Tetraploid johnsongrass [Sorghum halepense (L.) Pers.] is a sexually-compatible weedy relative of diploid sorghum [Sorghum bicolor (L.) Moench]. To determine the extent of interspecific hybridization between male sterile grain sorghum and johnsongrass and the ploidy of their progeny, cytoplasmic (CMS), genetic (GMS) and chemically induced male sterile lines of Tx623 and Tx631 were pollinated with johnsongrass pollen. At maturity 1% and 0.07% of the developing seeds of Tx623 and Tx631 respectively were recovered. Ninety-one percent of recovered hybrids were tetraploid and two percent were triploid, the tetraploids resulting from 2n gametes present in the sorghum female parent. Their formation appears to be genotype dependent as more tetraploids were recovered from Tx623 than Tx631. Because a tetraploid sorghum x johnsongrass hybrid has a balanced genome, they are male and female fertile providing opportunities for gene flow between the two species. Given the differences in 2n gamete formation among Tx623 and Tx631, seed parent selection may be one way of reducing the likelihood of gene flow. These studies were conducted in controlled and optimum conditions; the actual outcrossing rate in natural conditions is expected to be much lower. More studies are needed to assess the rates of hybridization, fitness, and fertility of the progeny under field conditions.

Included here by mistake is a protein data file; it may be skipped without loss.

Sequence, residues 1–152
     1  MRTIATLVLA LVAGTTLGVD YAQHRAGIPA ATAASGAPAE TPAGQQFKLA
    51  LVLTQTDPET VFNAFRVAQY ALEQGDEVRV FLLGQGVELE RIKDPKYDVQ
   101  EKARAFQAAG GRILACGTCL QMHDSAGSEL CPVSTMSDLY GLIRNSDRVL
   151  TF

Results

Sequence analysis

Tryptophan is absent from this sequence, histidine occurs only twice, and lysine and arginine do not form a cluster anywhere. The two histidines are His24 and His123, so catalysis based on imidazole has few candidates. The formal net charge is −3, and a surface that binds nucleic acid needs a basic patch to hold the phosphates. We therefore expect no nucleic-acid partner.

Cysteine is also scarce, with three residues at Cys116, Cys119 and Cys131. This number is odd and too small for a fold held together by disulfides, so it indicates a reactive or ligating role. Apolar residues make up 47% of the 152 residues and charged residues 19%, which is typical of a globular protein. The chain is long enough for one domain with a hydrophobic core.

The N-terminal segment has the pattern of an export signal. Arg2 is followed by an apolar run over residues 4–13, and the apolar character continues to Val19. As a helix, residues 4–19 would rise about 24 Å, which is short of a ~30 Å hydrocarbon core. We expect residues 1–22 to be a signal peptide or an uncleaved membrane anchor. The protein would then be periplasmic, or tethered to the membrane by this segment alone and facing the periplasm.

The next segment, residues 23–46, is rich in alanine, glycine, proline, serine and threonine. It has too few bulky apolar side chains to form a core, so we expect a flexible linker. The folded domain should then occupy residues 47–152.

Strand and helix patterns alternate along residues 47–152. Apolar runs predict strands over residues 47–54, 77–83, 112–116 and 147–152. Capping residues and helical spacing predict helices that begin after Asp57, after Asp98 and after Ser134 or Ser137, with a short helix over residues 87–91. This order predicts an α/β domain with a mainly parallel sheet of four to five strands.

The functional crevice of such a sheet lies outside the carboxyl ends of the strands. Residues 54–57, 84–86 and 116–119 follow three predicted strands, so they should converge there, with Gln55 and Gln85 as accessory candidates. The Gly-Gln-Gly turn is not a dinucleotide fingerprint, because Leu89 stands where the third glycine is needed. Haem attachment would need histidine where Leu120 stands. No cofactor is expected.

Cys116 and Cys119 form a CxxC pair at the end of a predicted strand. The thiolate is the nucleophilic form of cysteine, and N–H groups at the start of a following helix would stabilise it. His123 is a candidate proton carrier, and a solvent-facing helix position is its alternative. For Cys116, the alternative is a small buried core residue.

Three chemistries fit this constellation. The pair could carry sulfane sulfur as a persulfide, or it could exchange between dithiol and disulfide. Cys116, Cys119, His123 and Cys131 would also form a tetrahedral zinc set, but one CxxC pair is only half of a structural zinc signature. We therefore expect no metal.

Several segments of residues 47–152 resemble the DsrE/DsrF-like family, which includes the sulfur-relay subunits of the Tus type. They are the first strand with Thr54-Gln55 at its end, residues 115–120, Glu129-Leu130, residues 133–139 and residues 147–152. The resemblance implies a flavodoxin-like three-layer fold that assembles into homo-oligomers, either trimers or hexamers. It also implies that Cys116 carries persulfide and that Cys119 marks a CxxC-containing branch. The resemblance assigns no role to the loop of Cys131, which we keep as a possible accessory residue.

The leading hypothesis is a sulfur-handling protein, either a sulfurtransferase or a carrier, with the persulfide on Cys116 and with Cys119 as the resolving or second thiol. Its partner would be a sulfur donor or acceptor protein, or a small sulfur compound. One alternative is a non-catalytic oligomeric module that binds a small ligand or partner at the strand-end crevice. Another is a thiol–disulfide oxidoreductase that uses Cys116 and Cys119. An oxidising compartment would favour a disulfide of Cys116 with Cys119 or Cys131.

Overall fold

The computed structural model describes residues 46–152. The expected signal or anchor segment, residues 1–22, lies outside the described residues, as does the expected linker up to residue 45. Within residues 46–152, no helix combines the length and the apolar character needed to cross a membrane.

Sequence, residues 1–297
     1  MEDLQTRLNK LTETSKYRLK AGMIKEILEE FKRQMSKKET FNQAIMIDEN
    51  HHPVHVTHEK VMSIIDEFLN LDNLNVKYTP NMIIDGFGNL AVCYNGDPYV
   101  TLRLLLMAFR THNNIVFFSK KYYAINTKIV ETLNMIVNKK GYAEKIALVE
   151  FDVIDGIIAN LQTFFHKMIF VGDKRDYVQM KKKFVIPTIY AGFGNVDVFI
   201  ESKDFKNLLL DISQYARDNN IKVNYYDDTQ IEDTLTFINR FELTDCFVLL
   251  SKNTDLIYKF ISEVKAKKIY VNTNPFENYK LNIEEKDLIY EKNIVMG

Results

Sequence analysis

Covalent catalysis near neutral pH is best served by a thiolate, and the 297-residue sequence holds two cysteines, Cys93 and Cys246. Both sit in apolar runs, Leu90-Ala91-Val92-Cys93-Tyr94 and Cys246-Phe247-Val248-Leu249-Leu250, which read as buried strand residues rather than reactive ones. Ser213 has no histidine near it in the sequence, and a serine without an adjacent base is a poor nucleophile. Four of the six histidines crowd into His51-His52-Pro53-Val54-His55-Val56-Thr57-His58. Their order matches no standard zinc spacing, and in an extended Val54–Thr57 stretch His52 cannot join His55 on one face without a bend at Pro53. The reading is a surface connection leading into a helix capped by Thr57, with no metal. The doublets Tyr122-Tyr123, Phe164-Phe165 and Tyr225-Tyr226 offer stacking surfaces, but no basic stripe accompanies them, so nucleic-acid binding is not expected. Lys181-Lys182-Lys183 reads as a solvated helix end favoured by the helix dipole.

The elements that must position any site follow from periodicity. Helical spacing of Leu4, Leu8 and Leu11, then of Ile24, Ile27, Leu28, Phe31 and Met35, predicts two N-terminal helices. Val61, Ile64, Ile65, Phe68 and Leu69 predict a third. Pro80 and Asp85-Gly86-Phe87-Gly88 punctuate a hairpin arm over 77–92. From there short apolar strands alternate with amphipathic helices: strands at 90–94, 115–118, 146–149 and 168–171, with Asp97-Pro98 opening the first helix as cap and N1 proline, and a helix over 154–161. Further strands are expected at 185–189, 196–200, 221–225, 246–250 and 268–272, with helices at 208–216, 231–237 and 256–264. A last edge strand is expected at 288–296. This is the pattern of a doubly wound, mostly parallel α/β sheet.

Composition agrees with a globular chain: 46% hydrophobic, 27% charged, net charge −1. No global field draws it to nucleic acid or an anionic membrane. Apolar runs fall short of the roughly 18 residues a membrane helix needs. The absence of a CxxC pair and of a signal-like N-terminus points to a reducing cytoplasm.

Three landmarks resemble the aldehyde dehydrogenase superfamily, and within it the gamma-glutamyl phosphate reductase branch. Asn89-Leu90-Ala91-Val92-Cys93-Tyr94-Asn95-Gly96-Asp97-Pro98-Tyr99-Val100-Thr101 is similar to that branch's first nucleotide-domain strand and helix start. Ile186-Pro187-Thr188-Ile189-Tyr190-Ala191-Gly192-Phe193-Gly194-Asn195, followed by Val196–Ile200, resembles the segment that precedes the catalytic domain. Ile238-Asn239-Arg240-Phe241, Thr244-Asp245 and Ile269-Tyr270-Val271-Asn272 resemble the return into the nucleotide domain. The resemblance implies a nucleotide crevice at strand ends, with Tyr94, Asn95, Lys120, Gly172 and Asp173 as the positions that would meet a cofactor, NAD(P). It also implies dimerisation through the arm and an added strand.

Supplementary notes can be added here, including code and math .